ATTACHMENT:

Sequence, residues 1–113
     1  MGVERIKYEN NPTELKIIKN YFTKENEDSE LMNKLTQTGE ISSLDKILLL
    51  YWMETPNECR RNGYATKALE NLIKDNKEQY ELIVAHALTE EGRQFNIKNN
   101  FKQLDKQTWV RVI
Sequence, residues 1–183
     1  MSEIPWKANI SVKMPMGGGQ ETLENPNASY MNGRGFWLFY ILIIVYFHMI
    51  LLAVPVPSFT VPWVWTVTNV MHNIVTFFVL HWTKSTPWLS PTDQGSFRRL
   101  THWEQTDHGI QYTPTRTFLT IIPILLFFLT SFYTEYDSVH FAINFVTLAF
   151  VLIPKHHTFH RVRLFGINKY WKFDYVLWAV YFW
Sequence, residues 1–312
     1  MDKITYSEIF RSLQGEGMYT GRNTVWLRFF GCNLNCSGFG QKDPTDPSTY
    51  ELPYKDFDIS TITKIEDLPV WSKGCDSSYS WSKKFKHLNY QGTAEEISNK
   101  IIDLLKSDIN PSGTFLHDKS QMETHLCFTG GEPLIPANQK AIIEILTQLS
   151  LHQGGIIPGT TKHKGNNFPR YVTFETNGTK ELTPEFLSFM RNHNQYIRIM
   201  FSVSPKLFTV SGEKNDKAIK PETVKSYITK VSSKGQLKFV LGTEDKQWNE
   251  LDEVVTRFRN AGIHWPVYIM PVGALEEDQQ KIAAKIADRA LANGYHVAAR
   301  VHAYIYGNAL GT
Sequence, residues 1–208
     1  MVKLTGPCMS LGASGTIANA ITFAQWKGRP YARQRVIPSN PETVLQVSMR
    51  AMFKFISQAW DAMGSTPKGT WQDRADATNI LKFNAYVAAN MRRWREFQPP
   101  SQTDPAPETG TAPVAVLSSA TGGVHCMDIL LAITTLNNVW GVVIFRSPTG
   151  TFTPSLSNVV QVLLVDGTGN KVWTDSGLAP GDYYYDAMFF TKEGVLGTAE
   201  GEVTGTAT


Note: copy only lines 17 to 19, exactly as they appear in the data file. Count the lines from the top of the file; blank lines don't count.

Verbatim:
   301  VHAYIYGNAL GT
Sequence, residues 1–208
     1  MVKLTGPCMS LGASGTIANA ITFAQWKGRP YARQRVIPSN PETVLQVSMR